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I was recently asked to make a speech in front of AWiB partners on why supporting the development of strong women is good business. While writing the speech I felt I should share my thoughts with a wider audience on the AWiB blog, not just for representatives of organizations interested in working with AWiB, in the Business of Developing Strong Women Leaders since 2012, but also for every woman and man that will chance upon this piece. Yes, you.

To start with, I am thoroughly opposed to making a business case to supporting women’s leadership development or gender equality for that matter. Mostly because I believe we should not need to justify women’sGod given right to be all that they can be. It is simply the right thing to do all in our power to right social injustices of any kind, including but not limited to the skewed gender participation rates in leadership. Do you not agree? Maybe you need a bit more? Fine. Here goes.


Of course I had to write about cake for my last AWiB blog of this year. Why? Because I had the best cake made for my son’s first birthday this weekend and it needed to be acknowledged. This year has been one amazing journey of growth and development for me; every speed bump, every traffic jam, every U-turn, with a little road rage and all. I have learned so much from others, and so much of myself. I have managed to, both, praise and disappoint myself, fall and get back up again, loose focus and redirect myself once more all in one year and surprisingly I am so much more aware of how much more I know is out there to learn. It never ends lekas*!


Nahu asked me to blog on the topic of “men who support women” after our “Menelikish Men” event last Thursday and I excitedly accepted the challenge to look within myself and write something to continue this conversation with my fellow AWiBers and readers. I looked at my screen for over two hours and couldn’t come up with anything. I mean nothing guys! I kept going back to the presentations our speakers made and listening to their conversations over and over again but was stillstomped as to where to start. All this time I’ve gone through life without once considering this topic. Or, in my particular case, it could just be that I was not mature enough to realize my surroundings and appreciate my situation.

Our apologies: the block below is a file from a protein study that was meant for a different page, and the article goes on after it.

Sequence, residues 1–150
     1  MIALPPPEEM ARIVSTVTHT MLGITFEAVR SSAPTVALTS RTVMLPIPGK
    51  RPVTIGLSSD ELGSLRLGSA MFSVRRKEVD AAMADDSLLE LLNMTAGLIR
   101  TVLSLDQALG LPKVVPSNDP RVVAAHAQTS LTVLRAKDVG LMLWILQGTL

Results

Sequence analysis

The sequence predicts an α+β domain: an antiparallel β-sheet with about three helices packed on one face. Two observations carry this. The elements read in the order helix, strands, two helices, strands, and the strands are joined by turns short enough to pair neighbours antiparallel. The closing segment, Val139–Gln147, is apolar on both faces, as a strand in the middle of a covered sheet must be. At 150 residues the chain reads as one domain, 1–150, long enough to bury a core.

I was recently speaking to a leading Ethiopian feminist activist who has parented two remarkable women and who is now a grandmother to two boys and one girl. She was taken aback when I said that I think that in Ethiopia, becoming a man is as difficult as becoming a woman. Let me explain. The more I learn from parenting my six-year old daughter and my four-year old son, the harder I have come to believe that the path of parenting children of either gender requires a surgeon's precision and a vast amount of the purest love that you can access.

Agreed, the task of raising a girl who will become a woman in this unequal world is daunting, but I am of the opinion that raising a boy needs as much conscientious effort. The notion that boys will get by because they are naturally tougher has put many many men in vulnerable positions where they feel under-loved and under-nurtured in a society that encourages them to act out in aggressive ways. It is similar to being put on a precipice that requires careful negotiation to descend while the crowds on the ground are encouraging you to Jump.

Raise them the same, but not

I think it's great when women and men say their parents always treated them the same as their siblings of another gender. If we teach our sons to bake and cook without making it a big deal, we are equipping them to feed themselves, not to 'help' their future wives, assuming they will have them. If you encourage your daughter to be physically active and to rely on herself, she will grow up to be a self-assured woman. This I believe is Feminist Parenting 101. But let's not end there.

Their Sisters' Keepers

I think that as feminist mothers, we need to teach our girls to be self-confident, for sure, but also to uplift other women. We can tell our daughters to steer clear of men who are threatened by their ambition but also to make sure that they think beyond their own gains. This takes practice but what has worked for me in developing my daughter's sensibility around gender is to to follow a strict rule of not bad-mouthing other women. I plan to call her out on any